Economics was once viewed as the most valuable intellectual training for determining the health of the world’s financial system, now those truths are being challenged by hard to predict leaders and nations. After the Cold War, economics rose to the top of the sciences and was seen as a powerful force “that could make and unmake nations,” according to Fareed Zakaria in his essay, The End of Economics? So, what’s changed?
Fareed said, “modern-day economics had been built on certain assumptions: that countries, companies, and people seek to maximize their income above all else, that human beings are rational actors, and that the system works efficiently.” However, he concludes behavioral economics showed that markets, people, and even nations don’t always behave rationally, he says, “As we try to understand the world of the next three decades, we will desperately need economics but also political science, sociology, psychology, and perhaps even literature and philosophy.”
Fast Moving Example
The recent crisis in Syria is showing the world’s economist how a vacuum can be filled and thus change the dynamics of an entire economic region. The race for control of northeast Syria is now a struggle between Turkey and Russia, writes Aaron Stein in Foreign Affairs. Turkey wants to contain Kurdish militias; Russia wants them to submit to Assad-regime control. Stein argues that Washington is also playing a part in the shift. President Trump’s call for a 20-mile “safe zone” came of pressure from Turkish President Recep Tayyip Erdogan. He concludes this implies a weakened hand by the US and a pullout in the region.
A war in Syria has effectively destabilized parts of the interconnected global economy and may have exposed a weak spot in the United States on an international scale. This could not have easily been foreseen even just a decade or so ago.
The Future of Economics
Even a decade removed from the 2008 crash troubling trends are emerging once again. A day after the IMF modestly downgraded global growth forecasts, IMF Managing Director Christine Lagarde writes in Foreign Policy that post-crash banking reforms remain “untested” and warns against “pressure” to roll them back. That pressure has been steady in the US, where Republicans have lambasted Dodd-Frank. However, she also wrote that global risk doesn’t just depend on banking reforms, but on political cooperation. She also highlighted “public-good problems, including the environment and refugees” as factors.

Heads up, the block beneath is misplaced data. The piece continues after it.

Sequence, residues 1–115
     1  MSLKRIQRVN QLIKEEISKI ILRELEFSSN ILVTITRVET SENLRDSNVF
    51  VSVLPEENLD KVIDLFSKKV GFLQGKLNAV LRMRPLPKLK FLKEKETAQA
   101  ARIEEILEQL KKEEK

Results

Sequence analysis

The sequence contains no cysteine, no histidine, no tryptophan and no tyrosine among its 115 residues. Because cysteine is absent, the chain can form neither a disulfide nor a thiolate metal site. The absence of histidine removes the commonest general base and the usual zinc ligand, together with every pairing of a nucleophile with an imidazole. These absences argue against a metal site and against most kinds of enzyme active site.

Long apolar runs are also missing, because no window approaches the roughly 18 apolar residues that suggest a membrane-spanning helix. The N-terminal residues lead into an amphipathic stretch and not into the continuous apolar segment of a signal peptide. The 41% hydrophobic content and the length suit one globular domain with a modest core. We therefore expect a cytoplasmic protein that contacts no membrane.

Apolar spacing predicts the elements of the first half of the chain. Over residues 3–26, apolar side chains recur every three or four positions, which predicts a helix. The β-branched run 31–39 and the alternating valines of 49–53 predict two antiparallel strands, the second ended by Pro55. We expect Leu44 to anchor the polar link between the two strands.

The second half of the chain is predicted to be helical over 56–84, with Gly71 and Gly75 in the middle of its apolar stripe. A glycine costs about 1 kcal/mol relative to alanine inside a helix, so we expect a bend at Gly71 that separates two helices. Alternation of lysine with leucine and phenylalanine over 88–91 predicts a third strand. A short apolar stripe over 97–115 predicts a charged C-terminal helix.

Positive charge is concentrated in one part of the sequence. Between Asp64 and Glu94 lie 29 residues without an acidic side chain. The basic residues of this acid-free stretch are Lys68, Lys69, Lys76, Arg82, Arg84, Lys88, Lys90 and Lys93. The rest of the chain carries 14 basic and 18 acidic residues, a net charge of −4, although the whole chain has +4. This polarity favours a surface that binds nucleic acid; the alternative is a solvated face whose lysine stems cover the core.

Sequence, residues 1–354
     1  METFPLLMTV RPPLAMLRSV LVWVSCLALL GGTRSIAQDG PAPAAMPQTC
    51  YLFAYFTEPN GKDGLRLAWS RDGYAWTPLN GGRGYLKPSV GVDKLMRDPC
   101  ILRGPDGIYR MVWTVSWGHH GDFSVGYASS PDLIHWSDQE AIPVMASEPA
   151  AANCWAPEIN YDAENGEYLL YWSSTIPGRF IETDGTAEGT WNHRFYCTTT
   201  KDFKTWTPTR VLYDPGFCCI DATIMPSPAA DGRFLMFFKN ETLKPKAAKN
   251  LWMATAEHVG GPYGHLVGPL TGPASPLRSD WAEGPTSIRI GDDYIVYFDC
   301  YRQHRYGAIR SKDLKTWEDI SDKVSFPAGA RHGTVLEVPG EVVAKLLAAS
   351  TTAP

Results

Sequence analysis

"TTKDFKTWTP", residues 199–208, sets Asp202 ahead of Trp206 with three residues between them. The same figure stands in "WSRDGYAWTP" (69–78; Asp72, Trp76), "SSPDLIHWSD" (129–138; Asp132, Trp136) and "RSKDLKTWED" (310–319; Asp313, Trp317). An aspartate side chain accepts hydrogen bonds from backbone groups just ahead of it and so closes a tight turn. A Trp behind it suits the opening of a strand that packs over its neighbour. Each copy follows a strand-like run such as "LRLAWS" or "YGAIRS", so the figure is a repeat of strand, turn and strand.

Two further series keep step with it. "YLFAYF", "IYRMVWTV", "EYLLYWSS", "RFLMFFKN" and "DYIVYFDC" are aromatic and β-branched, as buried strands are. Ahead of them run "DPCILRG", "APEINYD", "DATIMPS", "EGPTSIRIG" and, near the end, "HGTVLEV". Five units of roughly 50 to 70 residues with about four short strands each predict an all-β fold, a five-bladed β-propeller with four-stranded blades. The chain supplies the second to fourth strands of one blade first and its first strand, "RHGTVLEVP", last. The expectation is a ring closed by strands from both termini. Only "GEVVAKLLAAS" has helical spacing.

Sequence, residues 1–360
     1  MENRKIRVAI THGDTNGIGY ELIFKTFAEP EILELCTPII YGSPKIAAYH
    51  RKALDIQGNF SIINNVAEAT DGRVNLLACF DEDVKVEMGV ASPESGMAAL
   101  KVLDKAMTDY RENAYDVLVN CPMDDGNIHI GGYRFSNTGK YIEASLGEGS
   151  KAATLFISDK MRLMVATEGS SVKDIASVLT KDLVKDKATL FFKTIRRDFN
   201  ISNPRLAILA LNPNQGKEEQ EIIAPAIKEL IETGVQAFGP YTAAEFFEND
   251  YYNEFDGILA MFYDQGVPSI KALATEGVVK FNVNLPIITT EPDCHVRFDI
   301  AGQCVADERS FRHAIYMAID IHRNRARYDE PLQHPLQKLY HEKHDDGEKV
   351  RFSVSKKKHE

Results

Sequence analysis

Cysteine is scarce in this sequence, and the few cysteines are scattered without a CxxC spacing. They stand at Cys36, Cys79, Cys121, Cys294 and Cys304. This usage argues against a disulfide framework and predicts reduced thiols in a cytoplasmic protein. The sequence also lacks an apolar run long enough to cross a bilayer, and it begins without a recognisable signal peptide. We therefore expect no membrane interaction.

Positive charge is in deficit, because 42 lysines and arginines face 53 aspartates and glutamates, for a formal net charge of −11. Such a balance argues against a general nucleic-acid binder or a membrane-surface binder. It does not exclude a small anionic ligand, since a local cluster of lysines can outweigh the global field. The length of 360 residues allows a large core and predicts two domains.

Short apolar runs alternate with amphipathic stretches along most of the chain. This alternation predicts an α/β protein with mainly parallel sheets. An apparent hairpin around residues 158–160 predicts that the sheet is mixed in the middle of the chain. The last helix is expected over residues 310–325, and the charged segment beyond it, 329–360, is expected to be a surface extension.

Chinese President Xi Jinping recently said the “unpredictable international developments and a complicated and sensitive external environment,” are putting global economic powers at risk. China is facing a specific threat right now in light of President Trump’s trade war. The trade war could not have been predicted just 3 or 4 years ago but has hit Chinese high-tech production, all the same.
In Europe, Brexit and US isolationism are causing uncertainty. France and Germany have renewed their vows as Europe’s so-called “engine” with a treaty to cooperate on EU and UN issues and deepen ties with an “economic zone.” But both leaders, French President Emmanuel Macron and German Chancellor Angela Merkel, have been weakened by domestic populism.
Africa is moving closer to Russia. The continent had leaned on Chinese economic expansion, but Russia is making strides according to the Financial Times reports. How is it getting in the door? By selling arms and offering a potential military presence.
While economics remains a vital discipline and one of the most powerful ways we have to understand the world, it’s clear the universal science can be thrown off kilter by events that are hard or even impossible to predict.
To take advantage of resources on tariff evasion, financial fraud, Medicare fraud, and much more, visit Jeffrey Newman Law today!